Stage fright: don’t get over it, get used to it, advises Emory neuroscientist Anwesha Banerjee in her recent talk at TEDx Decatur. Many can feel empathy with the situation Banerjee describes. It was her first public presentation eight years ago, facing “a room full of scientists, who for whatever reason, did not look very happy that day.”
“What if I fail in front of the crowd? What if everybody thinks I’m an idiot?”
That feeling of scrutiny might have an evolutionary relationship to the fear of being eaten by a predator, she speculates.
Through participating in Toastmasters International, she has made public speaking more of a habit. She contrasts the two parts of the brain: the amygdala, tuner of emotional responses, with the basal ganglia, director of habits.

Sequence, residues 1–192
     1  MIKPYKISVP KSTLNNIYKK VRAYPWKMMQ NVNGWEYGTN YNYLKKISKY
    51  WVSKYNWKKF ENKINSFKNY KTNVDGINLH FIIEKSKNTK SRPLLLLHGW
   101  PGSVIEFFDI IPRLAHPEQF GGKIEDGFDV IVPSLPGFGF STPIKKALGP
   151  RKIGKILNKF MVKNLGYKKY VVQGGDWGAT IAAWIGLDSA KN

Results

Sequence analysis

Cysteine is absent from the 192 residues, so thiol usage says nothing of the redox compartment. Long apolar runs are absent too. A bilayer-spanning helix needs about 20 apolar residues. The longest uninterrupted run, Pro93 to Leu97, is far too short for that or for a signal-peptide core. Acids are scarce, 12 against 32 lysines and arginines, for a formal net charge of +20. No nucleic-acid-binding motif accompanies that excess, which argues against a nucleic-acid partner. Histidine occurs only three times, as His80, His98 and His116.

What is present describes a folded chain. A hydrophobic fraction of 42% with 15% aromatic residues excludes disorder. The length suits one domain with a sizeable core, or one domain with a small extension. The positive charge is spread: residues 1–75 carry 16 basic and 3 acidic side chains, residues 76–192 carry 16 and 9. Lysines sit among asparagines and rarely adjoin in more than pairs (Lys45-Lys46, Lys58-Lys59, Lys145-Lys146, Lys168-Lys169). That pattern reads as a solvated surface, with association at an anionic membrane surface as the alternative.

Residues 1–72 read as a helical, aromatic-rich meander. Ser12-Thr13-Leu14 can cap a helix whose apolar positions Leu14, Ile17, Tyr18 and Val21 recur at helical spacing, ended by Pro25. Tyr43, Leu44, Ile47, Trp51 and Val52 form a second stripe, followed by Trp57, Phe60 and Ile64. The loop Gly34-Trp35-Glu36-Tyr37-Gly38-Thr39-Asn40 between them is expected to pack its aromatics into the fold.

“I still get stage fright,” she says. “In fact, I have it right now, thinking how all you predators might try to eat me up! But my brain pays less attention to it.”
Banerjee is a postdoctoral scientist in cell biologist Gary Bassell’s lab, studying myotonic dystrophy. In 2017, she was funded by the Myotonic Dystrophy Foundation to create a mouse model of the neurological/sleep symptoms of myotonic dystrophy.